Fixed-wing aircraft are traditionally controlled using deflectable trailing edge rigid flaps, commonly known as control surfaces. When deflected, these flaps modify the camber distribution of the aerofoil, which changes the aerodynamic pressure distribution over the wing. These changes in aerodynamic pressure result in net aerodynamic forces and moments that can be used to control the lift generation and orientation of the aircraft. However, flaps change aerofoil shape in a sharp and discontinuous way, resulting in surface discontinuities and gaps. These discontinuities induce flow separation, which leads to a significant increase in drag. Alternatively, if these control surfaces could vary camber distribution in a smooth and continuous way, similar control authority can be achieved with a significantly reduced drag penalty. This alternative approach is known as camber morphing, and its implementation on fixed-wing aircraft could lead to a reduction in fuel consumption and noise.
One of these promising camber morphing concepts is the Fish Bone Active Camber (FishBAC) device, a compliance-based design capable of achieving large, smooth and continuous changes in camber. A preliminary 3D printed prototype of this concept was wind tunnel tested, and results showed a 25% drag reduction at the 2D aerofoil level when compared to a flap. However, this first-generation of FishBAC devices were designed using low-fidelity structural and aerodynamic models and manufactured using 3D printed plastic. To implement this technology in real aerospace structures, it is necessary to manufacture this morphing device using aerospace-graded materials. Also, it is crucial to develop modelling tools that can fully capture the complex coupled three-dimensional structural and aerodynamic behaviour of a 3D morphing FishBAC wing. These modelling techniques must be physically rich enough to accurately capture the detailed response of the morphing device while also being computationally efficient to allow for rapid design iterations and optimisation that results in better performing devices.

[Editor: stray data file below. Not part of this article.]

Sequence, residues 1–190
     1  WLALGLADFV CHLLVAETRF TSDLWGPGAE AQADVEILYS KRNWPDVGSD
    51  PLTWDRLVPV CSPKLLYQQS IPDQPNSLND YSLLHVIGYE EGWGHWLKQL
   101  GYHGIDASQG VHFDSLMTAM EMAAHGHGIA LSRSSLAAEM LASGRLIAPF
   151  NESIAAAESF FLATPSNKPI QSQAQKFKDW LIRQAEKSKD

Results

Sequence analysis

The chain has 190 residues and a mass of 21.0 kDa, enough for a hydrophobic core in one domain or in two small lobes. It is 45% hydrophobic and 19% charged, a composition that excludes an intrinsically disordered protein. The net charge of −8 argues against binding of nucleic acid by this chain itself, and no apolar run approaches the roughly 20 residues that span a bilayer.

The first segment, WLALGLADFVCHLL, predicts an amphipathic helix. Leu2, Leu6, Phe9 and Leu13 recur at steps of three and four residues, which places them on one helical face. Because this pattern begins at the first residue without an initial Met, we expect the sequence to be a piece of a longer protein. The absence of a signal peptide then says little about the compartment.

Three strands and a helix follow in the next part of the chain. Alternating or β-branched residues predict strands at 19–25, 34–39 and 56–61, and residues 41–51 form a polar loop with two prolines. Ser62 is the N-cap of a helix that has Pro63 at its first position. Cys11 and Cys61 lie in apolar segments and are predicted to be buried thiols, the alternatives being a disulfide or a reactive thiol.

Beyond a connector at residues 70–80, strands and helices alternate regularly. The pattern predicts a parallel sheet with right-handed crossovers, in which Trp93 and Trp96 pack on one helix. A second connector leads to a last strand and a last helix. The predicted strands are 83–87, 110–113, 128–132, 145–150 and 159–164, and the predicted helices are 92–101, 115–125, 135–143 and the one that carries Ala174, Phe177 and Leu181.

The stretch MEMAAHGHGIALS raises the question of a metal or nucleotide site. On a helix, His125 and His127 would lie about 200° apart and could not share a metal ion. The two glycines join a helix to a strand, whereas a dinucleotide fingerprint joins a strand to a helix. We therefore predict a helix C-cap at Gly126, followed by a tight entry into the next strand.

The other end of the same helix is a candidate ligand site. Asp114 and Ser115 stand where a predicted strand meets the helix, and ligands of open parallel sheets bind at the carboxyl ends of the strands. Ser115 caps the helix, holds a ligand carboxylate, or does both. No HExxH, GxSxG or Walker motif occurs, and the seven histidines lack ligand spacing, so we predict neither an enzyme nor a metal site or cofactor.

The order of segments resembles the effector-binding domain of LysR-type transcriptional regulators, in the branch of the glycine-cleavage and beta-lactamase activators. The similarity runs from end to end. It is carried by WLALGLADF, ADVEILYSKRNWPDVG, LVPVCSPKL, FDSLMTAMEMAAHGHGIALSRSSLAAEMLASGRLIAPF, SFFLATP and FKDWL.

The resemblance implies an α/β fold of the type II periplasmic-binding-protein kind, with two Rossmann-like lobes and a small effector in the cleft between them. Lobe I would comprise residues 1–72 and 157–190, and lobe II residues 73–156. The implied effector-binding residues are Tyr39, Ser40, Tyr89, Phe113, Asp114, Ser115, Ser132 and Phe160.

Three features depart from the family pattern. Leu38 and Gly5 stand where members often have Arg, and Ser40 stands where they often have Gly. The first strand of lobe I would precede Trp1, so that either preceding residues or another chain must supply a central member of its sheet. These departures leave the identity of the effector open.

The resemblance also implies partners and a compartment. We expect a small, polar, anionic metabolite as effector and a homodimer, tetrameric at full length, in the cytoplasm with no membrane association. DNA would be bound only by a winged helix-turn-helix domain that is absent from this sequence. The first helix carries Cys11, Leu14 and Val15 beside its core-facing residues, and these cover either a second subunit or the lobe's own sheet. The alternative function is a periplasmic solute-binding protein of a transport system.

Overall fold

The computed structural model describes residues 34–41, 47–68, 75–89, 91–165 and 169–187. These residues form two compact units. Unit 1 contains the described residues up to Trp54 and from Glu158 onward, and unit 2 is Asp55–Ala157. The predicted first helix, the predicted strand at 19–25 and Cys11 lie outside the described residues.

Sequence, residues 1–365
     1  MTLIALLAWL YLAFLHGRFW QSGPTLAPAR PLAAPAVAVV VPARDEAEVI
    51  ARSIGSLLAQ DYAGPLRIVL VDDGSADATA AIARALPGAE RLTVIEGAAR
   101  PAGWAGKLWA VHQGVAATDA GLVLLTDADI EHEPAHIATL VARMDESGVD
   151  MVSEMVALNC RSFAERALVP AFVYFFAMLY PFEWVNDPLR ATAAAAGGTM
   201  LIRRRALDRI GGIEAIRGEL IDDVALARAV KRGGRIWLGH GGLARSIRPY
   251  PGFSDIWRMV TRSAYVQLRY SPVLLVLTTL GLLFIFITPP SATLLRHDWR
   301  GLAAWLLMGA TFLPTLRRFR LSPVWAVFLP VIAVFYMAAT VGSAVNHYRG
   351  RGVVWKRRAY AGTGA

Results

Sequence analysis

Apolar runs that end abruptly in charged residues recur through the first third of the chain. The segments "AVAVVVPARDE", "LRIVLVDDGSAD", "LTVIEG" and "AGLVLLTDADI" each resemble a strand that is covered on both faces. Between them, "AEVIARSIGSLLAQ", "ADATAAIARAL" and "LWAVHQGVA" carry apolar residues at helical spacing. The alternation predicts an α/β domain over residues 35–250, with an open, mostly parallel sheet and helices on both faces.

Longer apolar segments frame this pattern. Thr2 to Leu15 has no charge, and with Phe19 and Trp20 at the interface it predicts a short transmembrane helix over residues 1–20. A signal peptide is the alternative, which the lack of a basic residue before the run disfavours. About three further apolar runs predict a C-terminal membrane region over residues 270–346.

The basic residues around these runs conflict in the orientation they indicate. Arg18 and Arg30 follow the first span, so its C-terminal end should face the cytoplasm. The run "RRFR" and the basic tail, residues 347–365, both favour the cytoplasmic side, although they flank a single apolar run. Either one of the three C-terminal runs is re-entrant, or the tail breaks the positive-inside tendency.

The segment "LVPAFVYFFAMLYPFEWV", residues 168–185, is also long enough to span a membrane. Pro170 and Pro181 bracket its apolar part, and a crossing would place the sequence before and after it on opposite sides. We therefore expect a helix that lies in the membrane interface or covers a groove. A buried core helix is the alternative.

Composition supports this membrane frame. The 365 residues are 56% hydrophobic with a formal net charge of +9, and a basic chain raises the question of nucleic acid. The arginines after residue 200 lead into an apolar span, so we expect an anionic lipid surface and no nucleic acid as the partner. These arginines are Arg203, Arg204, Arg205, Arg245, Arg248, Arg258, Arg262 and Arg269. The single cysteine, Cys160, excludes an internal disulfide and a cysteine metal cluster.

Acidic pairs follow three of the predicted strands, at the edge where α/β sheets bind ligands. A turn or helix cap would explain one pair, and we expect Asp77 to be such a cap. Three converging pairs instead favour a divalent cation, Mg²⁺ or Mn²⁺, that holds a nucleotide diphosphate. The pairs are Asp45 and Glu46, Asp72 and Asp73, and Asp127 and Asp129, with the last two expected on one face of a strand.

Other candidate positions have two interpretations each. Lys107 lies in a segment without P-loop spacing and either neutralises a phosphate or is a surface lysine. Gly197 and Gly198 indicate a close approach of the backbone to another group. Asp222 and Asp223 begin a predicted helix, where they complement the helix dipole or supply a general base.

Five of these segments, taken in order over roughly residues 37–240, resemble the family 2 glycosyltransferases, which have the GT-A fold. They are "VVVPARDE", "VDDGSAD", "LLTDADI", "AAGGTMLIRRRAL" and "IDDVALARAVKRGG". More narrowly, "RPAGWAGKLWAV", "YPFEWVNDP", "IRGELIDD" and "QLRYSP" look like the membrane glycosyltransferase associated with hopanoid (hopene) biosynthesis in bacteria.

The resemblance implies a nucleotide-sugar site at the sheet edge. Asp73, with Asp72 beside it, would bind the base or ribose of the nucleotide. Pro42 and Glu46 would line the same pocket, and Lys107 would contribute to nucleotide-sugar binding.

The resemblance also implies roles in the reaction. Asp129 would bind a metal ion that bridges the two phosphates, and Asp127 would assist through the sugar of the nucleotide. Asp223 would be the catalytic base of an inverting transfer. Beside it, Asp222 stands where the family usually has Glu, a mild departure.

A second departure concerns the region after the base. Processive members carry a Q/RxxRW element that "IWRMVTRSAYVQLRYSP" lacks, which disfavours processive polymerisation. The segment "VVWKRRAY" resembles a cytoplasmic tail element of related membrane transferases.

To address the modelling requirements, two discontinuous structural models based on composite plate model theories (i.e. Kirchhoff-Love and Mindlin-Reissner) and an aerodynamic model based Weissinger’s Lifting Line Theory with viscous 2D panel method corrections were developed. Additionally, the large changes in shape that the FishBAC produces are associated with large changes in aerodynamic pressure (and vice-versa), resulting in a strong coupling between aerodynamics and structural loads. Consequently, to accurately capture both structural and aerodynamic behaviour of these morphing wings, a Fluid-Structure Interaction (FSI) analysis that couples the two different physics was developed. These structural, aerodynamic and FSI modelling techniques capture the highly orthotropic structure of the composite FishBAC, the 3D aerodynamics of the morphing wing and the interaction between structural and aerodynamic loads. Moreover, these models have a useful and appropriate level of fidelity for design and optimisation tasks: they converge using one to two orders of magnitude fewer degrees of freedom than fully coupled Computational Fluid Dynamics (CFD)/Finite Element Method (FEM)-based routines and all structural and material properties are parametrically defined and can be easily modified, allowing for wide-ranging explorations of the design space.
The development of these novel modelling techniques is complemented and validated by the design, manufacture and test of a composite FishBAC wind tunnel wing model. This prototype was manufactured using a combination of manufacturing techniques, including autoclave curing of carbon fibre prepreg, additive manufacturing (3D printing), and traditional metal machining. The composite FishBAC wing was then tested under static actuation loads, and these results were used to validate structural models. Additionally a 2D wind tunnel test was performed, where force balance, wake rake and Particle Image Velocimetry data were collected and analysed to further explore the aerodynamic behaviour of the FishBAC, and to benchmark it against both rigid (non-morphing) and flapped aerofoils.
Results presented in this thesis show that the discontinuous Mindlin-Reissner plate-based model predicts the structural behaviour of the FishBAC using 99% fewer degrees of freedom than FEM, whereas the aerodynamic viscous corrected Lifting-Line model is suitable to analyse the 3D aerodynamics of the FishBAC morphing wing at low Mach numbers and at attached flow regimes. Additionally, the FSI results showed that the 3D FishBAC wing can achieve a lift control authority (i.e. change in lift coefficient) between 0.5 and 0.63 for a wide range of angles of attack. In terms of aerodynamic efficiency, the FishBAC wing showed a 44% increase in lift-to-drag ratios at low lift coefficients, when compared to a flap. Lastly, the 2D wind tunnel test results showed efficiency gains over flaps of between 16% and 50% at the 2D aerofoil level. In summary, these results highlight the potential aerodynamic benefits that a FishBAC morphing wing can bring to a full-size aeroplane and also suggest that the developed modelling tools are suitable for future design iteration and optimisation studies of composite morphing aerostructures.